THE FAMILIES OF VICTIMS of a US drone strike in Libya in November 2018 have filed a criminal complaint against the commander of Italian Naval Air Station Sigonella used to carry out the strike.
The complaint accuses the Italian commander of the unlawful use of force under both international and Italian domestic law.
Many of the eleven people killed on 29 November 2018 were current or former members of the Libyan national army. All were allies of the US and the Libyan Government of National Accord and some had fought directly against terrorist groups. US Africa Command (AFRICOM) acknowledged the strike but claimed that those killed were members of Al Qaeda, an accusation strongly disputed by the community to this day. No independent investigation has been carried out into the strike, despite repeated promises by the Government of Libya to do so.
The Naval Air Station Sigonella in Sicily plays a vital role in the US drone program. Since 2014, the Italian government has allowed the US to launch strikes in Libya from the base. Those strikes, however, must first be approved by the Italian commander, who has a duty to oversee all significant US activities, including drone strikes.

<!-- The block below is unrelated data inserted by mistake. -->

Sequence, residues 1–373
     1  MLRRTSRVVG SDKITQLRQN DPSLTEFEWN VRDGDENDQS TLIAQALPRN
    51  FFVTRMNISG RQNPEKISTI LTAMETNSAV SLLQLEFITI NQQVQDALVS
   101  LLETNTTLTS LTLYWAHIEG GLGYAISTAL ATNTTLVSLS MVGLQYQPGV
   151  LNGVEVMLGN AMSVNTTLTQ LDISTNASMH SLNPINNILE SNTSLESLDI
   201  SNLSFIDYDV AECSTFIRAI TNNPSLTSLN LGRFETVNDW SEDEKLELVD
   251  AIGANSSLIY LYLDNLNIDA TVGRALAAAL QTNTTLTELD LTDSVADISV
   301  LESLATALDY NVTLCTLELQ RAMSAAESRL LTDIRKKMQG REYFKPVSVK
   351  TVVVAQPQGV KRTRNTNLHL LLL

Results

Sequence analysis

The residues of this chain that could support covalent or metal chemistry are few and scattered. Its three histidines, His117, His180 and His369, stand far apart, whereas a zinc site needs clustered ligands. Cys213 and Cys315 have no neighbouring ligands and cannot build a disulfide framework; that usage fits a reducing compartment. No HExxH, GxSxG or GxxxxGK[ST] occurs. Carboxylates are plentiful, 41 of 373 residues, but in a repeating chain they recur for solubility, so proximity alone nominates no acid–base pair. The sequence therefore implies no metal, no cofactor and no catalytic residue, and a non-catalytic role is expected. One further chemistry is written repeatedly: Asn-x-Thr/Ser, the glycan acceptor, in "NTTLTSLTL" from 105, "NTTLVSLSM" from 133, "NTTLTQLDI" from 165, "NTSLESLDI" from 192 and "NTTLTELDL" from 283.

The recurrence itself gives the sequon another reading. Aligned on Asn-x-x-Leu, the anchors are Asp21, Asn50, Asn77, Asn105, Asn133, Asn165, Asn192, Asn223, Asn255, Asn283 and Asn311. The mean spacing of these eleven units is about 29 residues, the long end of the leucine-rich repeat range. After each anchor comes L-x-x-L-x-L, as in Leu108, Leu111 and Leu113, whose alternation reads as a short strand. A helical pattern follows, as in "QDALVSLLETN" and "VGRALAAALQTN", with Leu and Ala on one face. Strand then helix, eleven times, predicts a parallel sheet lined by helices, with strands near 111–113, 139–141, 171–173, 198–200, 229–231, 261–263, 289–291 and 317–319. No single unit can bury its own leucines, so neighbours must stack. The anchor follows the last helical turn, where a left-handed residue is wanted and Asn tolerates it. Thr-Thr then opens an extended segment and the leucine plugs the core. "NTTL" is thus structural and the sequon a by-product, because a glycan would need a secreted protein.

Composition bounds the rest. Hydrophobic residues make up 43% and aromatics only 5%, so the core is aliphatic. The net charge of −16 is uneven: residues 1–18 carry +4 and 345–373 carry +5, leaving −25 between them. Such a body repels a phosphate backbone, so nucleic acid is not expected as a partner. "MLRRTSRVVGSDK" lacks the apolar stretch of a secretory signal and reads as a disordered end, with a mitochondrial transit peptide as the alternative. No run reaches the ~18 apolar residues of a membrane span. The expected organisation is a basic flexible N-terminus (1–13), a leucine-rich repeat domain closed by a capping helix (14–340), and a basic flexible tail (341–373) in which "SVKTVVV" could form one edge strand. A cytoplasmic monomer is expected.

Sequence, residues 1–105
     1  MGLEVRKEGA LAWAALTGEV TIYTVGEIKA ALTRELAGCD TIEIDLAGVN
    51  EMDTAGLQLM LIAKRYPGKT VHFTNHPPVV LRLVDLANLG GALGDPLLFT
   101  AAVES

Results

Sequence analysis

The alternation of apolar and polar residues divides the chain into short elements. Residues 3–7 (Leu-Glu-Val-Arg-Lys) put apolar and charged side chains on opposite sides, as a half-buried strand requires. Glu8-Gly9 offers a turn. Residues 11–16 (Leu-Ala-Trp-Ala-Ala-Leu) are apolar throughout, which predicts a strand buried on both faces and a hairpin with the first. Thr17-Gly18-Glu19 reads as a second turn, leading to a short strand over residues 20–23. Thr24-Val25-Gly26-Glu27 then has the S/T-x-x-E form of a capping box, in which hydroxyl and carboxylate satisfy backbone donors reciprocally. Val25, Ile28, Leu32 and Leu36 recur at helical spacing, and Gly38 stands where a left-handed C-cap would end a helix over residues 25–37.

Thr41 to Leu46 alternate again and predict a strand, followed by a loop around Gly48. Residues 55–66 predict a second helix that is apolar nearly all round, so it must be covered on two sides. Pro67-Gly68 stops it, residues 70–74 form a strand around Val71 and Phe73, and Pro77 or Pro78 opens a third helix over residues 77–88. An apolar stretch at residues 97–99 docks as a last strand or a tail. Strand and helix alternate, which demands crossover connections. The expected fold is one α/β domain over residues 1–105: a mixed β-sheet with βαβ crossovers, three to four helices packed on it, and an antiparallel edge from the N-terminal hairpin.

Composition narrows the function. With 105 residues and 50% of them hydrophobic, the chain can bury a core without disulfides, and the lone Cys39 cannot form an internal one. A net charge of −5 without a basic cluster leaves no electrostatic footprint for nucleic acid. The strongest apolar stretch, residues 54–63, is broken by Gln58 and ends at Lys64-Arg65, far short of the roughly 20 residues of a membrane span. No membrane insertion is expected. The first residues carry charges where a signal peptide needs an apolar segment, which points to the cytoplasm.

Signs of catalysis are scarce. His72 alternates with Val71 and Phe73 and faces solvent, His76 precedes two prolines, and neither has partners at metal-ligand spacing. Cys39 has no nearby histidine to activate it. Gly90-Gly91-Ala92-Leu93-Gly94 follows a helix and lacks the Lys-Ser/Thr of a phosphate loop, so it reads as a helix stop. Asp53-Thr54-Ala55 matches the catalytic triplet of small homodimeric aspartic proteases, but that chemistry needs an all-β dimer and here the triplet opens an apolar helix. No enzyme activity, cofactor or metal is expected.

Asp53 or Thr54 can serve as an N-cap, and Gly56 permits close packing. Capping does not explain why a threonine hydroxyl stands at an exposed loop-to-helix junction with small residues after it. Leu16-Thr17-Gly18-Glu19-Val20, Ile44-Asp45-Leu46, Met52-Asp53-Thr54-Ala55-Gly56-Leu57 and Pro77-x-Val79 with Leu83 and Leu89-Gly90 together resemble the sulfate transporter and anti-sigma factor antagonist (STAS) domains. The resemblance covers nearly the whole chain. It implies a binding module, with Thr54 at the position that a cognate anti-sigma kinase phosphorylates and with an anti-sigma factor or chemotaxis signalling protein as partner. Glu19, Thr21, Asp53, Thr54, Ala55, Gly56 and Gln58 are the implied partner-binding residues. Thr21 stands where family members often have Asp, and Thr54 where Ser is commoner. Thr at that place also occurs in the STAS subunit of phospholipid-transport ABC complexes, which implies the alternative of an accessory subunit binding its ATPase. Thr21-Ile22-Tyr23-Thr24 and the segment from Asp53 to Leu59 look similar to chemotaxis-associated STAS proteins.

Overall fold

Madogaz Musa Abdullah, one of the complainants, lost his brother Nasser, in the strike. Nasser was 34 years old and a member of the national Armed Forces of the UN-recognised Government of National Accord.
Madogaz said: “AFRICOM killed innocent people. They claimed that our sons were terrorists and ended their lives without any evidence. We want the Italian government to listen to us and to stop AFRICOM from killing our people. We call on both governments to apologise and for the Italian government to open a transparent investigation and to hold to account those responsible for authorising the strike.”
The community is joined in the complaint by the human rights organisations Rete Italiana Pace e Disarmo, Reprieve, and the European Centre for Constitutional and Human Rights (ECCHR)
“Clearly, a drone operation implying lethal force is not routine”, said Chantal Meloni, Legal Advisor at ECCHR. “While AFRICOM is directly responsible, the Italian commander must have known about and approved the operation, and can therefore be criminally responsible as an accomplice for having allowed the unlawful lethal attack. This would be a violation of international law and the right to life.”
Jennifer Gibson, who leads Reprieve’s work on lethal force, said: “Nearly four years have passed since these lives were ended without warning by a US drone launched from Italian soil. Fathers, sons and brothers have been ripped from this community in an instant, leaving nothing but enduring grief and unresolved questions. The families they left behind desperately need answers – and for someone to be held accountable for this senseless loss of life.”
The criminal complaint on Italy’s involvement in the US drone programme is part of ECCHR and Reprieve and Rete Disarmo legal interventions to counter human rights violations the US commits in the name of counterterrorism.
* Source: Reprieve